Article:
Twentieth Anniversary of Tiananmen Square Massacre

Honourable senators, I might find this hard to read, but June 3 is the anniversary of the massacre in Tiananmen Square. Though that is 12 hours from now, it is already June 3 in Beijing.

Honourable senators, it has been 20 years, but that horrific picture is engraved in my memory. It was June 3 in the early evening. I was with my CTV crew. We were a short distance from Tiananmen Square. Crowds shouted “Long live democracy” in Mandarin and they stood their ground, believing the small tank coming their way would stop. It did not.

Many died during the night and in the early morning hours of June 4. Hundreds were wounded. We still do not know how many. Maybe it was 300; maybe it was 3,000.

The weeks before the tragedy had been filled with excitement. China’s door to the Western world blew open and exhilarating breezes of freedom and democracy were blowing through the city. Young people were excited. There was a feeling of hope.

Growing numbers of young people were gathering in Tiananmen. By the end of the week, 100,000 people covered every inch of the square. We could feel a sense of celebration, not only from students but from workers, doctors and religious groups. Beijing felt like a liberated city. However, the mood and the weather would shift from warm to stifling and stormy. Pessimism replaced optimism.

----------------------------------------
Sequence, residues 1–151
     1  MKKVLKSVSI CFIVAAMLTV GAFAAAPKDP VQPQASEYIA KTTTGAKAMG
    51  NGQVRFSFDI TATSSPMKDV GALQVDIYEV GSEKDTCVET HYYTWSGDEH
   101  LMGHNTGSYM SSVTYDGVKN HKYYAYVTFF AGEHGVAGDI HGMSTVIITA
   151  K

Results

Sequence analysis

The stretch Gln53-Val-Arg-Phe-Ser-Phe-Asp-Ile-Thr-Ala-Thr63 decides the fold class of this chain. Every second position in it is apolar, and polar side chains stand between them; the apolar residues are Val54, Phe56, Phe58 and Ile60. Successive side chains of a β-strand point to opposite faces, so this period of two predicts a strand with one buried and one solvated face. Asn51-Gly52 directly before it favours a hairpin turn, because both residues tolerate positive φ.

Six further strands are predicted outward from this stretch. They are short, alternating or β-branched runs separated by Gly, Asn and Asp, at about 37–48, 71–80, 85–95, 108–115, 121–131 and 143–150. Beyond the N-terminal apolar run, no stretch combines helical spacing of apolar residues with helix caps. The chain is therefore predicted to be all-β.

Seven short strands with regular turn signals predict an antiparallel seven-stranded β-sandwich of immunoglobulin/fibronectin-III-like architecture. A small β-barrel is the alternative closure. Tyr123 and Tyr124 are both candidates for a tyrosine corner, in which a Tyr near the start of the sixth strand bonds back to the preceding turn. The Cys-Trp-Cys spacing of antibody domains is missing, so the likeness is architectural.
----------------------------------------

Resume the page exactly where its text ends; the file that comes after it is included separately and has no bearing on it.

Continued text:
We could almost hear the door that had been opening to greater freedom slam shut. Rumours began to circulate that the army was close by and that they were planning to put an end to the protests, but nobody wanted to believe that tanks and terror would replace hope.

The Canadian embassy had ordered nonessential staff to leave. Those who stayed behind were buying more food in the street markets to stock their kitchens in preparation for what was to come. I bought tickets for my family to fly to Hong Kong, but I stayed and reported on the historic tragedy that unfolded.

It was difficult. It was difficult as a reporter who had covered many world events. It was difficult to watch people die. It was difficult to watch students being crushed. Twenty years later, I have so many unanswered questions.

China is an economic powerhouse, a huge global player that is assuming more and more of a leadership role, but leadership means accountability. It means answering tough questions.

What happened to that couple who stopped me and my crew as I ran toward the square and said in broken English, “Please tell the world what is happening here”? Are they enjoying their old age?

What happened to the young man captured in photographs only a short distance from where I was, the young man who was arrested for standing bravely in broad daylight in front of tanks. Will his real story ever be told?

I wish I had more than three minutes to continue to tell this story, but I will continue it over the next few days.

History was made in Tiananmen Square during those warm weeks of April, May and June, but too many unanswered questions remain, and I am still waiting.